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Where your pets feel at home

Where your pets feel at home

New Kitten Information

CONGRATULATIONS ON YOUR NEW KITTEN! This page provides you with valuable information on how to keep your new kitten happy and healthy for  life. VACCINATIONS…


This page provides you with valuable information on how to keep your new kitten happy and healthy for  life.


At McDowall Veterinary Practice we use the most advanced and effective vaccines available on the  market.

Our kitten vaccination schedule is as follows:

  • F3 Vaccine -Protects against Feline Enteritis, Rhinotracheitis (Cat Flu) & Calicivirus (Cat Flu). This is given at 8 wks, 12wks and 16wks followed by an annual booster.
  • FIV Vaccine – Protects against Feline Immunodeficiency Disease, a disease common in outdoor cats. The vaccination course consists of three vaccinations given three weeks apart, followed by an annual booster.


Intestinal worms are internal parasites that can infect your pet. Some of these worms can be life-threatening and some can also infect people, so it’s important to treat your kitten regularly. An all-wormer should be given as follows:

  •     Every two weeks until 12 weeks of age.
  •     Then every month until six months old.
  •     Then every three months for life.

Be sure to weigh your kitten, as dosage is based on body weight. We recommend milbemax tablets.

Although Heartworm is less common in cats, it is spread by mosquitoes and can therefore still be a threat to your cat’s health. There are a few prevention options available, most of them being a monthly treatment.

Revolution is a product which combines worming and flea control in one treatment. Applied monthly, it protects against fleas, earmites, heartworm, hookworm and roundworms. (A tapeworm tablet is still  required every three months).

Fleas can be a huge irritation to you and your cat, a large burden can also develop into a health problem. We recommend monthly treatments all year round with Advantage, Revolution or Frontline.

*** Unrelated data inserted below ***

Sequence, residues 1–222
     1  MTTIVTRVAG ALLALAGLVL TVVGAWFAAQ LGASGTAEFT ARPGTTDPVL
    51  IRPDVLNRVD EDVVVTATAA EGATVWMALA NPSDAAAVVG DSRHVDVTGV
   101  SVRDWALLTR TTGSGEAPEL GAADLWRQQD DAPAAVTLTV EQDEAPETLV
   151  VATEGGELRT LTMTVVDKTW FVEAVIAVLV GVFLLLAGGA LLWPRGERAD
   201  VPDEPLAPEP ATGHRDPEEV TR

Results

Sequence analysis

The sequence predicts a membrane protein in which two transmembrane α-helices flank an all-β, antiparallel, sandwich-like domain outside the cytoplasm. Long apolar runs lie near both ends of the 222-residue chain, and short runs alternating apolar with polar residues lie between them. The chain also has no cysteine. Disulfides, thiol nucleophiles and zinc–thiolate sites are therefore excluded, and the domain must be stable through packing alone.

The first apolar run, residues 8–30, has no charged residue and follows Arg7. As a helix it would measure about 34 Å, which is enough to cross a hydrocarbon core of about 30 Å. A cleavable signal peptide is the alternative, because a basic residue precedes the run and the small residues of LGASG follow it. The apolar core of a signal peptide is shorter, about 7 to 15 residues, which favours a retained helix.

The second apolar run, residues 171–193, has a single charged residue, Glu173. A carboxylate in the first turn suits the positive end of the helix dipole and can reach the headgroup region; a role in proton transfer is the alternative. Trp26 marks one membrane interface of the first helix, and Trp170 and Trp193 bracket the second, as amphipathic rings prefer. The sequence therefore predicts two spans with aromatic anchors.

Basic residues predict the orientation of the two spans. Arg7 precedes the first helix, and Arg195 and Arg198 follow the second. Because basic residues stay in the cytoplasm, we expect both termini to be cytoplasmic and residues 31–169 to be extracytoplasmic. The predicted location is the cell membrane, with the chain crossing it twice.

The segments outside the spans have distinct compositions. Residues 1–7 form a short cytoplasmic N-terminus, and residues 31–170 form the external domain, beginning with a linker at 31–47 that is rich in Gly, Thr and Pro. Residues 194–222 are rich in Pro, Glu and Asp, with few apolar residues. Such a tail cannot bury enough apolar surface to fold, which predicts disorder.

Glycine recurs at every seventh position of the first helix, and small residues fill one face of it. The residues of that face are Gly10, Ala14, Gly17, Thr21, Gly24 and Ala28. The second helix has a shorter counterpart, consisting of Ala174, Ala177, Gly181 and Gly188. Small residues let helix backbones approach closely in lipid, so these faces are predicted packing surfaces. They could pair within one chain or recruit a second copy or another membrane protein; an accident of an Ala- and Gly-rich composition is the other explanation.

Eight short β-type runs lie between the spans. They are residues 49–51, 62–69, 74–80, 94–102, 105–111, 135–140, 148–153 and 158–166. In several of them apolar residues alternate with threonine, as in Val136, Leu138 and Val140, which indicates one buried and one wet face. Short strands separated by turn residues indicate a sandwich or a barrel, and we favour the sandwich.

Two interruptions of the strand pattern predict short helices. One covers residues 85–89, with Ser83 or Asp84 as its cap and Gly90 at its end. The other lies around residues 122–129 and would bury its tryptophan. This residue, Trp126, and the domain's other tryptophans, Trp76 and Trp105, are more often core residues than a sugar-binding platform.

Tick control is most important during Spring and Summer. The paralysis tick is the most dangerous of all as it can be fatal and symptoms progress rapidly. Symptoms include a change in voice, difficulty breathing and ‘wobbly’ back legs. If you suspect your animal is suffering from tick paralysis you  should seek Veterinary attention immediately.

Regular and thorough checking of your pet is recommended throughout tick season, as early detection can prevent symptoms from developing.

Frontline Spray is useful in the prevention of paralysis ticks, however no treatment is guaranteed.


Very young kittens may require three small meals a day but this can be cut back to two meals by the  time your kitten reaches 12 weeks of age.  We have a range of high-quality dry foods, which can be combined or supplemented with fresh food.

Raw chicken wings, chicken necks and specially made treats such as Greenies help to maintain clean, healthy teeth.


We recommend desexing cats before they come into season. This is usually around six months of  age but can vary.

Not only does this help prevent urine spraying, straying and fighting, it can also prevent health  problems later in life. For more information see our blog on desexing.


With the rising costs of veterinary medicine, it may be a good idea to consider pet insurance.

There are many companies that provide this service. When comparing companies things to consider include:

  • Pet PlanDoes the policy guarantee lifetime renewal? (some cheaper policies may stop cover once your pet  reaches a certain age or decrease the level of coveras your pet ages)
  •  Does the policy refresh the amount claimable annually?
  •  Does the policy place new exclusions or restrictions on cover at the time of renewal?
  •  Does the policy have an age-limit for joining?
  •  Does the policy cover for hereditary and congenital conditions, or are there breed-specific exclusions?
  •  Does the policy have a limit per claim or per condition per year?
  •  Does the policy cap conditions if they are chronic?

We recommend Petplan Insurance. Please ask us to explain the benefits of this insurance cover to  you at your next visit, or click on the icon.


What is a Microchip?

A microchip is a permanent form of identification in the form of a tiny chip (about the size of a grain of  rice).  We inject the microchip under your pet’s skin – just like a vaccination.  This chip has an identification number that is linked to all your contact details on a national registry.  This number is as unique as a fingerprint and is the latest technology available for lifetime identification.

Animal Management Act -1 July 2009

On 1 July 2009 it became compulsory to microchip all kittens born after 8 April 2009, before they are 12 weeks old.  This can be done during a consultation or at the same time as a vaccination.